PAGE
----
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Wednesday, March 16, 2011

Taco Night

Pizza night, soup night, pasta night, and taco night.  We all know the routine of weeknight meals.

Taco night used to be on our regular weeknight meal rotation.  I imagine we replaced it with our weekend lunches at Jalapenos Mexican restaurant.  Because of work and other obligations, we haven't been to Jalapenos for a few weeks, which has caused major taco cravings for both of us.  Last night, we brought taco night back to quell those cravings.  There was a slight problem.  Because of Lent, I couldn't eat fried taco shells.  The answer? Taqueria style soft corn tortilla tacos, which I adore.

Yesterday, after work, I stopped by Super Marcado Aguascalientes to pick up a few things for taco night.  I needed soft corn tortillas, queso fresco, and crema. That was it. 

The latino supermarket was mind boggling. 

Starting in the produce section, I was surprized to find fresh garbanzo beans, fresh espazote, and prickly pears tucked in and around husked/unhusked tomatillos, chayote, tiny limes, nepallitos, habas (broad beans), huge jalapenos, serranos, poblanos, and anaheim chilis.  They were gorgeous.  I walked away with garbanzo beans, prickly pears, and jalapenos stashed in my basket.

After passing tubs of dried yellow and purple corn kernels, I meandered past an array of tortilla presses.  I've purchased two there and have broken both of them.  That's why I was buying corn tortillas and not making them...two broken presses. 

I reached the extensivly stocked meat counter and was quite taken with what I thought were cooked pig's ears.  Buche, it turned out after questioning, were cooked pig's stomachs, which differ  slightly from the honeycombed cow's stomach called tripe.  They looked tasty.  I was tempted to buy one for our tacos, but knew it might have stretched Michael's bounds of culinary maiden's patience.  I nixed the buche.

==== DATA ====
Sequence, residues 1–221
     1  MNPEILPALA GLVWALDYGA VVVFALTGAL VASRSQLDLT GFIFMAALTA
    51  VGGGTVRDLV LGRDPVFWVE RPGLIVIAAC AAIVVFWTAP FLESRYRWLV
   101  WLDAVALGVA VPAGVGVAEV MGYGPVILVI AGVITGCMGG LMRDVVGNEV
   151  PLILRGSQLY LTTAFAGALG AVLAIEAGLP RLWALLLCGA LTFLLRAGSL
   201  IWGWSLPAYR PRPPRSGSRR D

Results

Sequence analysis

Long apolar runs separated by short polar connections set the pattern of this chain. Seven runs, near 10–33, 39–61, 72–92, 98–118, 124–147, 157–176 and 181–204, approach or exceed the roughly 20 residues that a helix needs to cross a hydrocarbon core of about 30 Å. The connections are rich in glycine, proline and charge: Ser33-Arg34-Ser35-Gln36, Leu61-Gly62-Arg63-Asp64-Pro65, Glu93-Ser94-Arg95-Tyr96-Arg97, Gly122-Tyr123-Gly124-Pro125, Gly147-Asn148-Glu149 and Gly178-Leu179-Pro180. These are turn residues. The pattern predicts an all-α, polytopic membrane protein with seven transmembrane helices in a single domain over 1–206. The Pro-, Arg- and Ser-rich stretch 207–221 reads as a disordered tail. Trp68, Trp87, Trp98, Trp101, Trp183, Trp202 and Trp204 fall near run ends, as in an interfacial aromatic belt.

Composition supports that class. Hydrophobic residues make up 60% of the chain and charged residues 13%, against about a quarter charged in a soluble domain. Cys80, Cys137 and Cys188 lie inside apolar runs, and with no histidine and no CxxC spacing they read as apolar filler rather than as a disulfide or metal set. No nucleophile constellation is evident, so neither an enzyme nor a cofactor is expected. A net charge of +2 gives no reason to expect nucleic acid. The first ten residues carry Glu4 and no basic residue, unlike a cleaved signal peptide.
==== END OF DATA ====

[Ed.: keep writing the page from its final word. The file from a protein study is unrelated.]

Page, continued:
I was mesmerized by the selection of meats.  Chicken feet were haphazardly piled around livers and chicken breasts.  Stacks of porterhouse steaks were shrink-wrapped and nestled beside flanken cuts of short ribs.  I couldn't pass on the rarely seen flanken cut short ribs.  I bought a pound of them. They were very inexpensive.

The head-on shrimp, tucked between cooked peeled shrimp and headless uncooked shrimp, were beautiful.  They glistened.  I wanted them, but resisted.

I was so transfixed by the meat selection, I tripped over a wooden pallet supporting what appeared to be 10,000 packages of corn tortillas.  Bingo. I pulled myself to my feet while leaving my dignity on the floor, and dropped a small bag of corn tortillas into my basket. 

As I made my way to the check-out counter, I stopped by the small dairy cooler and grabbed a container of crema along with a package of queso fresco.

With a few spontaneous additions, I ended up with everything I entered the market to buy; crema, corn tortillas, and queso fresco. 

Michael cooked the meat filling for our tacos. I minced a purple onion to marinate in fresh lime juice, diced a tomato, crumbled the fresco, and roughly chopped fresh cilantro for toppings.  Nice.  I intended to make a salad with the tart purple fleshed prickly pears, but snacked on them as I prepared the taco toppings. Oops.  My bad.  They were gorgeous, tart, crunchy, and fabulous.

Dinner was a cinch.  I warmed the thin-cut corn tortillas in a cast iron skillet to make them pliable.  After double stacking them taqueria style, I topped them with the seasoned meat,  crumbled fresco cheese, crema,  lime marinaded onions, diced tomatoes, and cilantro.
The soft corn tortillas exploded with corn flavor, adding an extra layer of flavor to the spicy meat, pungent fresco cheese, piquant lime-pickled purple onions, mild creamy crema, and fresh cilantro.

A simple taco night.

A routtine meal.

An adventure.

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